Don't worry, there's no cat involved here, unless you count my kitty Clara begging for chorizo until I let her smell it. The tongue does come into play here though. Most Americans are terrified of this part of animal. Perhaps because it relates to speech which is particularly humanizing. I say, if you're going to eat something, don't let anything go to waste. Pretty much every country except for The States utilizes the offal and innards of the creatures they consume. That's way it should be. There are some delicious cuts of meat that seem to go to waste because we aren't used to them. In my favorite little Mexican market down in Pike Place they sell the best chorizo de bolita (bolita means little pellets), little Mexican sausages made of pork, tongue, and lots of smoked paprika. I love the smokiness and richness the tongue brings to these little plump sausages. There is a big difference between Spanish or Cuban chorizo and Mexican chorizo. Mexican chorizo has a grainier texture and tends to fall apart when you split the casing where as Cuban chorizo has more of a solid sausage texture. When you make a Cuban chorizo sandwich it's called choripan. Since I am using Mexican ingredients I would call this sandwich a torta. Everybody loves a good sandwich no matter what you call it.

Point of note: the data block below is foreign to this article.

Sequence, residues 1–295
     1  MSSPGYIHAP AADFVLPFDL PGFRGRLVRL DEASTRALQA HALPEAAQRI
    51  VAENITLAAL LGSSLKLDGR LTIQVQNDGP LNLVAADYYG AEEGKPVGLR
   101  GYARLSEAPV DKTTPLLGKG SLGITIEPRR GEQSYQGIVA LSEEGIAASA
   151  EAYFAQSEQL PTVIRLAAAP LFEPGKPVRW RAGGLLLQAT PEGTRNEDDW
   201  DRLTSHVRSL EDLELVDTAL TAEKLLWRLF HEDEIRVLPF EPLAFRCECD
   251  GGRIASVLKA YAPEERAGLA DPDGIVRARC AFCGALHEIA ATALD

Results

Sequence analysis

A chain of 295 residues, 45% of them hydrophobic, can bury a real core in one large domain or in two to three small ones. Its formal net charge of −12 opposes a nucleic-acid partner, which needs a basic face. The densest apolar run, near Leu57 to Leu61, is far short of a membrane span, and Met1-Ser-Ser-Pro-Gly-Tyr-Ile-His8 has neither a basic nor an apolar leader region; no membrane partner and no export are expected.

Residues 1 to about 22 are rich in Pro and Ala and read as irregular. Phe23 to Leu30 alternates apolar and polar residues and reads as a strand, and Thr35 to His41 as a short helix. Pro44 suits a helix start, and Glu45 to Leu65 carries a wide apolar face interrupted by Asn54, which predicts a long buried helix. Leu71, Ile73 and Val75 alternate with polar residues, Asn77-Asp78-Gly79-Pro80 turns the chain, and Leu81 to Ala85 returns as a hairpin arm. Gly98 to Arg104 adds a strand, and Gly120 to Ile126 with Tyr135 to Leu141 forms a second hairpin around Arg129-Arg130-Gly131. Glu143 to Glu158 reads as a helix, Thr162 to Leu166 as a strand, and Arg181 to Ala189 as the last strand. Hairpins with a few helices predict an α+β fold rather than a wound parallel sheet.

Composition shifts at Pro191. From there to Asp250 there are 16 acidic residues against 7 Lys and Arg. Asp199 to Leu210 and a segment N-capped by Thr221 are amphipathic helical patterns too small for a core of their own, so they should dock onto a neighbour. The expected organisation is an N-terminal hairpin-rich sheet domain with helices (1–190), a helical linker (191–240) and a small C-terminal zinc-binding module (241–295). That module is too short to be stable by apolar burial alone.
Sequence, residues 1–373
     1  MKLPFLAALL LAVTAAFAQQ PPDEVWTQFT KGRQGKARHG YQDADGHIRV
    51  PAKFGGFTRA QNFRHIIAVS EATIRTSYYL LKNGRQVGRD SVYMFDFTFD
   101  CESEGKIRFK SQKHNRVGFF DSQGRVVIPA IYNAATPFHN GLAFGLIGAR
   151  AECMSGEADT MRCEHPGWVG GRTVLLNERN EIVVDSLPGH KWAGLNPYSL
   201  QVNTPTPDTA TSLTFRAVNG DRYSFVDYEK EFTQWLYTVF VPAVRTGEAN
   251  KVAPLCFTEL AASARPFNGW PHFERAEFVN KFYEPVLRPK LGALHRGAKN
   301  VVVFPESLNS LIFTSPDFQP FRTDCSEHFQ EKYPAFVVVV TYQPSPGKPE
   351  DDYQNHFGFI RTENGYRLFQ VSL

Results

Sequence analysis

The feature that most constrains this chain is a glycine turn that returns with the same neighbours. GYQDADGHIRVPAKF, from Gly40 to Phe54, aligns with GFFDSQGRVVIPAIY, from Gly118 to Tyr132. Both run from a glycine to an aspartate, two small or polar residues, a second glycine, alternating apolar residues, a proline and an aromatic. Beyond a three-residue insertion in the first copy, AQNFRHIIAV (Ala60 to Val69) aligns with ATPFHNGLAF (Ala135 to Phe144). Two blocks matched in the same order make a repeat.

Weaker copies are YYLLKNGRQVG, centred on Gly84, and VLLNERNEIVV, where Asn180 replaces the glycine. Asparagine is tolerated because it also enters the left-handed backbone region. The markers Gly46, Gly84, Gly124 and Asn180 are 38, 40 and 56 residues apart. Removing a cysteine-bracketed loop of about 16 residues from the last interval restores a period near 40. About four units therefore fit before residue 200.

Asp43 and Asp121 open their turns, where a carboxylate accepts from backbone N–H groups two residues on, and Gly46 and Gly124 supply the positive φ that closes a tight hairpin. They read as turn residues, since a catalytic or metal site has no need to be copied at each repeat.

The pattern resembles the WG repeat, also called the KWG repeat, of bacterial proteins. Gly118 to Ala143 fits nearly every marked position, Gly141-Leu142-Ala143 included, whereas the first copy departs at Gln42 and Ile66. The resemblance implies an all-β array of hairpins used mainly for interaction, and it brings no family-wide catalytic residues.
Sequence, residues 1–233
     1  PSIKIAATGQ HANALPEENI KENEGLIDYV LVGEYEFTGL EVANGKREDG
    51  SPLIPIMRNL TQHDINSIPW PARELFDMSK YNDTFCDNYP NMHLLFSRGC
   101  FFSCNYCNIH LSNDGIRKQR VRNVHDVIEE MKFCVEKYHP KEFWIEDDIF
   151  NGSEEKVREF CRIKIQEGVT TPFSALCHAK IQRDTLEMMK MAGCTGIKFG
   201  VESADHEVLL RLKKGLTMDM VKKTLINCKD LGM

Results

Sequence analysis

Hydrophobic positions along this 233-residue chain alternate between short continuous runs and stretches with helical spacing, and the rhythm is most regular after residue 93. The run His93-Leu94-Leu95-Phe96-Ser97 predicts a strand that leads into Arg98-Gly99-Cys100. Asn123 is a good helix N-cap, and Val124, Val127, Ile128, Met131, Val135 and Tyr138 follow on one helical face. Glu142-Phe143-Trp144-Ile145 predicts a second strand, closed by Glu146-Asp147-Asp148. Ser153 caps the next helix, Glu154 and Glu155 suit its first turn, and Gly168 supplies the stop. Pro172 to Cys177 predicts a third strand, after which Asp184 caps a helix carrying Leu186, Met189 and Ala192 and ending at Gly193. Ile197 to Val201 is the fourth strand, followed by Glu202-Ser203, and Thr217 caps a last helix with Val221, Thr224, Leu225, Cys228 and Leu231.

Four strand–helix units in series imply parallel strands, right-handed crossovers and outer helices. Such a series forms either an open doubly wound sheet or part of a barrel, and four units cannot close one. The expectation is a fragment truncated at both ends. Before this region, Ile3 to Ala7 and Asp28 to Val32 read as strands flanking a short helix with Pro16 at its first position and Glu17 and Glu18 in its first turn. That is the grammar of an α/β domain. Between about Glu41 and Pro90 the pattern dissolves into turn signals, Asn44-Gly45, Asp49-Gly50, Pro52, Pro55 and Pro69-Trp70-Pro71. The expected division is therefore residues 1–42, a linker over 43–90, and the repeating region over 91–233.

Torta con Chorizo de Bolita.
1 lb chorizo de bolita, any Mexican chorizo will work
4 large rolls
2 poblano chilies, seeded, and sliced
1 Spanish onion, halved and sliced
1/2 cup mayonnaise
1 Tbsp fresh cilantro, minced
2 tsp fresh lime juice
1 Tbsp butter
Mix together the mayo, cilantro, and lime juice. Refrigerate until needed.
In a saute pan over medium high heat brown the chorizo links on all sides in a little canola oil until cooked through (about 4 minutes each side). Remove the chorizo to a plate, drain all but 1 Tbsp of oil from the pan, and add the onions and peppers and saute until translucent (5 minutes). Remove from the heat.
Split the rolls in half and lather both sides with the cilantro mayo. Slice the chorizos in half, long ways, and lay in a single layer on the rolls. Top each torta with 1/4 of the onion and pepper mixture. Top with the other side of the roll. Spread butter on the outside of both sides of the torta.
In a large saute over medium high heat, lightly brown both sides of the sandwich while carefully pressing down with the bottom of another flat pan to flatten the torta (about 3 minutes each side). Cut in half and serve. Makes 4 tortas.